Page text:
“Landlords provide a safe and clean space for retailers to connect with consumers. If the store is part of the transaction, it must be reported to retail real estate owners so they can rightfully claim their portion of the sale that often translates into additional rent needed by the landlords to pay their own mortgage, real estate taxes and other financial obligations,” Lamy said.

A third common error involves returns of merchandise purchased online but brought back to the store. Just as stores report sales to the landlord as required by lease arrangements, they can also deduct the cost of returned merchandise from those figures. When the return is an item purchased from the same store, the math is easy — the sale transaction is rightly nullified. But if an item is purchased online, the store doesn’t get to credit the sale for the merchandise; instead, it should be deducted from the original internet transaction source in conformity with the revenue recognition and matching principles in accounting. If that item is returned to a physical store not initially involved in the purchase, the retailer may not deduct those monies from total sales, according to typical lease language.

“Deducting returns from sales reports has been a challenge for landlords for years. This has become even more of an issue in the past year as so many discretionary items were purchased on the internet,” Lamy said, observing that the rate of returns nearly doubled during the pandemic compared with historic averages. This is especially important, he continued, given that more than $1.00 in every $5.00 spent on retail during Q4 2020 took place on the internet.

Prior to 2020, about 5% to 10% of in-store purchases on average were returned, while in 2020, that rate rose to between 15% to 20%, he continued. For online purchases, returns are between 15% to 40%, which further compounds the problem when shoppers return online purchases to physical stores, he said.

“Shoppers uncertain of sizes or colors bought multiple items online, then returned what didn’t fit or was unwanted to a store,” Lamy added. “The store then deducted those sales from their totals, artificially conveying a weak sales performance for the physical store.”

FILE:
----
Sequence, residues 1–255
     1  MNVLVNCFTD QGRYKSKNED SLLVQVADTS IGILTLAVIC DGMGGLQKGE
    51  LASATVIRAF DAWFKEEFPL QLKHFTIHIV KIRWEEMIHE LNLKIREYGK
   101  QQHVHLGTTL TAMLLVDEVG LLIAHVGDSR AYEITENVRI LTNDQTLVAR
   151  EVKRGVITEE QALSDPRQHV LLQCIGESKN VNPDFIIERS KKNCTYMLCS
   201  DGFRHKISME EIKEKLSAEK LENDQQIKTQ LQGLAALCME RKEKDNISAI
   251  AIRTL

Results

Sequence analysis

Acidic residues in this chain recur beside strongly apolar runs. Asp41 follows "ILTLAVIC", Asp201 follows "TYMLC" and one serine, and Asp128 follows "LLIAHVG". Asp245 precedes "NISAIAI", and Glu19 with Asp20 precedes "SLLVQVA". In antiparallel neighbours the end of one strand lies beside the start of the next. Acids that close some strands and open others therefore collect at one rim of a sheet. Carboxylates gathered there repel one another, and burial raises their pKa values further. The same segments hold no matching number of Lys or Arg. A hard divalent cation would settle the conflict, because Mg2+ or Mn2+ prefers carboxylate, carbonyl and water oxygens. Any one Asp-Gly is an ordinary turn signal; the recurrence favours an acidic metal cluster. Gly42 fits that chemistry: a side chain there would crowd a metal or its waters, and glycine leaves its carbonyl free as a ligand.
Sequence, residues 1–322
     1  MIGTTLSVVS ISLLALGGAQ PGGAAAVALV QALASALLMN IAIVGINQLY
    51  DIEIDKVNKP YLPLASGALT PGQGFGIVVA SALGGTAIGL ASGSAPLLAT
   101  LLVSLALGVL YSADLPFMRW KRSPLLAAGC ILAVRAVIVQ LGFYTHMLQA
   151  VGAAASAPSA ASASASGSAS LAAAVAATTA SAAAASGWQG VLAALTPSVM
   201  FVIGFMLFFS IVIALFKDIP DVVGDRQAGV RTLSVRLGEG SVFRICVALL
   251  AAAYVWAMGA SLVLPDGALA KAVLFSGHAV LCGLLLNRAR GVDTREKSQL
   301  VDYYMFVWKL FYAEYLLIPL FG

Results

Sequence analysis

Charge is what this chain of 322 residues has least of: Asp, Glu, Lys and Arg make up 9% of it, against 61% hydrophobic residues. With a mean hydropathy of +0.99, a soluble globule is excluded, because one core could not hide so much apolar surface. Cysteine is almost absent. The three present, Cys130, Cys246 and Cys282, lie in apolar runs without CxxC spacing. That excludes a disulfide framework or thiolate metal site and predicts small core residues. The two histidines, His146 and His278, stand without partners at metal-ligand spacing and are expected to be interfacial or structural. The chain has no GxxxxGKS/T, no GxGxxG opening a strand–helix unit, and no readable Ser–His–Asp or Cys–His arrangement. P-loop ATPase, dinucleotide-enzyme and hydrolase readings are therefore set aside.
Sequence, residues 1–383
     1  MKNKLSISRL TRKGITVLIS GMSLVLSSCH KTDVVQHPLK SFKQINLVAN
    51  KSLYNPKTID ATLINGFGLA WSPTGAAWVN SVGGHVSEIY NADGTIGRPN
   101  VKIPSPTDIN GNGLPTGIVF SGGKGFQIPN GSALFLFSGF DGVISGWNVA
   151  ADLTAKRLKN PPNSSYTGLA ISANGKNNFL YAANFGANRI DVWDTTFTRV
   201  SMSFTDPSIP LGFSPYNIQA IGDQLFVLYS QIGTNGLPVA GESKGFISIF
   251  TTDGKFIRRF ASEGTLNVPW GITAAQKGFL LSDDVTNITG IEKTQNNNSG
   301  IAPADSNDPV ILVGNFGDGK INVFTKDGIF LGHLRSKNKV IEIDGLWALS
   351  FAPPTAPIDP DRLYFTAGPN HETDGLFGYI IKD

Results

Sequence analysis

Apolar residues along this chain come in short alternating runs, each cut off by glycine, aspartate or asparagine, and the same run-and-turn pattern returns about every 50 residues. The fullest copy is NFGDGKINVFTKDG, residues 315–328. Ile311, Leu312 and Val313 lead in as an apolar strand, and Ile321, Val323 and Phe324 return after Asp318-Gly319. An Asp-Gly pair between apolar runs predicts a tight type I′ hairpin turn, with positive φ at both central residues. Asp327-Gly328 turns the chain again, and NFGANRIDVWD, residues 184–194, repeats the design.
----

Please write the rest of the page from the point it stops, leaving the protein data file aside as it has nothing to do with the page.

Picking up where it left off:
Lastly, retailers, and especially restaurants, often mistakenly deduct fees and other charges from their total sales, which distorts the revenue of physical stores. Credit card fees and sums paid to delivery services are a cost of doing business, Lamy observed. Unless specifically allowed (cited) in the lease, they should not be deducted from total reportable sales. But they frequently are.

Compounded, all of these errors have given a misrepresentation of the health of the retailer, a shopping center and even the shopping center industry in an already difficult year, Lamy said.

“These errors are simply that — errors and misinterpretations made by people under great stress, some of whom are relatively new to the industry, and who are operating remotely,” Lamy said. “But they can have huge financial implications for landlords. That’s why an independent audit, collecting, analyzing and verifying the data, is an important part of industry best practices and the landlord’s fiduciary responsibility now and as we begin to see the recovery and end of the pandemic. Without that, landlords could quite possibly be leaving significant sums of money on the table.”

About The Lamy Group
The Lamy Group is an international financial management consulting firm of certified public accountants, MBAs and other professionals. Founder, President and CEO Kenneth S. Lamy, CRRP, CRX is an instructor and volunteer for the International Council of Shopping Centers (ICSC) and other CRE trade associations for more than 30 years. The Lamy Group specializes in customized financial retail sales, compliance and specialty examinations (tenant sales audits/revenue share/data verification) programs, ancillary revenue audits, early terminations, utility audits, retail property and sales analytics, restaurant financial operations consulting including leasing consulting and related compliance programs for clients. Clients include owners, developers, managers, publicly-traded real estate investment trusts (REITs), realty advisors and institutional investors throughout North America, the Caribbean and Mexico.

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Debra Hazel